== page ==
Is anyone who is attending the Chigcao ASG still looking for an apartment? I ask because most of the nice places I've found only have 2 bedrooms available and after having spent the past 2 years in apartment complexes that were sub-par, I don't want to compromise on where I am going to spend the next year. I would gladly sign a lease with another law student if it meant we could live in a nice place and split the $900 or so rather than have a two bedroom to myself with a large bill.

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coolkatz321
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Re: Iowa 2012

Postby coolkatz321 » Sat Jun 13, 2009 9:21 pm

westside123 wrote:There is no such thing as "international law." I'll say it again, there is no such thing as "international law." This so-called area of academic focus is nothing but a smoke and mirrors (shock and awe?) marketing tool designed to rope in students who think they'll be using their law degrees to save people in Darfur.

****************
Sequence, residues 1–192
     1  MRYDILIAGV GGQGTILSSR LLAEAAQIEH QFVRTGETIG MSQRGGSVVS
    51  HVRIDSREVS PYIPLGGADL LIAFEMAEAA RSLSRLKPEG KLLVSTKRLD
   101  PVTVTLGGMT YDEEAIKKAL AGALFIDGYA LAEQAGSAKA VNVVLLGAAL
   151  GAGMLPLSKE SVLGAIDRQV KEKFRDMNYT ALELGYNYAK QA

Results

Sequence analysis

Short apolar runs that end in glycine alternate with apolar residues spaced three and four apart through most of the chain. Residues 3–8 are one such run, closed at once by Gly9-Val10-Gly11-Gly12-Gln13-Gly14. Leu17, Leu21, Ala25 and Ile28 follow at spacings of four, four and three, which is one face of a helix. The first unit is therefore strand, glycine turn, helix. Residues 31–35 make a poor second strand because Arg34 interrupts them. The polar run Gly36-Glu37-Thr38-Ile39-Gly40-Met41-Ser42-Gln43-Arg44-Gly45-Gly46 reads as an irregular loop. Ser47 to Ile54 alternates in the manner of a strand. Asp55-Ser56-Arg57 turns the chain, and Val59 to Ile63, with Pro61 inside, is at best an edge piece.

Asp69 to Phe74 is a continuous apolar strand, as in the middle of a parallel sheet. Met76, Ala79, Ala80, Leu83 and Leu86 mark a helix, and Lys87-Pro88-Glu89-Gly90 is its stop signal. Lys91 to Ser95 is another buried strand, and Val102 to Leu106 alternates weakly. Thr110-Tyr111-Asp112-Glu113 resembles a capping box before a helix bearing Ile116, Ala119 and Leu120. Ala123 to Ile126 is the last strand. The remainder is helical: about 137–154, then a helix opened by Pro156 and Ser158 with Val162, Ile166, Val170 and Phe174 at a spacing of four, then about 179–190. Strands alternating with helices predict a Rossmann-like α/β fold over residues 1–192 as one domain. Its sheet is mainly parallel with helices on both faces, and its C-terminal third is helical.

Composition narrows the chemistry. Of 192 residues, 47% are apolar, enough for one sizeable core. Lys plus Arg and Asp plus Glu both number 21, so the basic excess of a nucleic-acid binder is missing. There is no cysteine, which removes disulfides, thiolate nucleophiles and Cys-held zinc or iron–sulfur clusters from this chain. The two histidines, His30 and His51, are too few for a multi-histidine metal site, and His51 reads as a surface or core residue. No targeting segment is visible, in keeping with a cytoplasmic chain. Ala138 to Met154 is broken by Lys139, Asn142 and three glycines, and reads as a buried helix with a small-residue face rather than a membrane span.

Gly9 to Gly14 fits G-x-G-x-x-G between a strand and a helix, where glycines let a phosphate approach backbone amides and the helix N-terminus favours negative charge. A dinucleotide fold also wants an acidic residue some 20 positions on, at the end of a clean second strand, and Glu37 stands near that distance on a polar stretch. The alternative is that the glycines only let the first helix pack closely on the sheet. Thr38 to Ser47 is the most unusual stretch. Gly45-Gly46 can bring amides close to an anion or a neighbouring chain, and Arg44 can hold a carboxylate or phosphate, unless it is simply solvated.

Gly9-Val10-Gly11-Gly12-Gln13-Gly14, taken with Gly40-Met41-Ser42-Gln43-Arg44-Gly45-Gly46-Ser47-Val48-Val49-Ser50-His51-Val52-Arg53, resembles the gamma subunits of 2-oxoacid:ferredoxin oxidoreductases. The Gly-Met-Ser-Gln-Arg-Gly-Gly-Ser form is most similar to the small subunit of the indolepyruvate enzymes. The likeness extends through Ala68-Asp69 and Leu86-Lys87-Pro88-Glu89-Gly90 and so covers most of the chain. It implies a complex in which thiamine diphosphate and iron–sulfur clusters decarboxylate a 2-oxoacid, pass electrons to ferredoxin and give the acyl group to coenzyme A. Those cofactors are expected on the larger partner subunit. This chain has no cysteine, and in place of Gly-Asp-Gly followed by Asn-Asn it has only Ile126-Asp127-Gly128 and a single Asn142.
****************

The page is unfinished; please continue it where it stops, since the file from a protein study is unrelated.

With regard to the law school at Iowa, the school tries to market itself as a law school with an "international focus," whatever that means, but there is positively no mentoring or guidance provided for those wanting to pursue real, viable avenues of legal practice where dealing with cross-border legal issues/interaction (say, M&A work, FDI, intellectual property rights, international trade) is a prime component.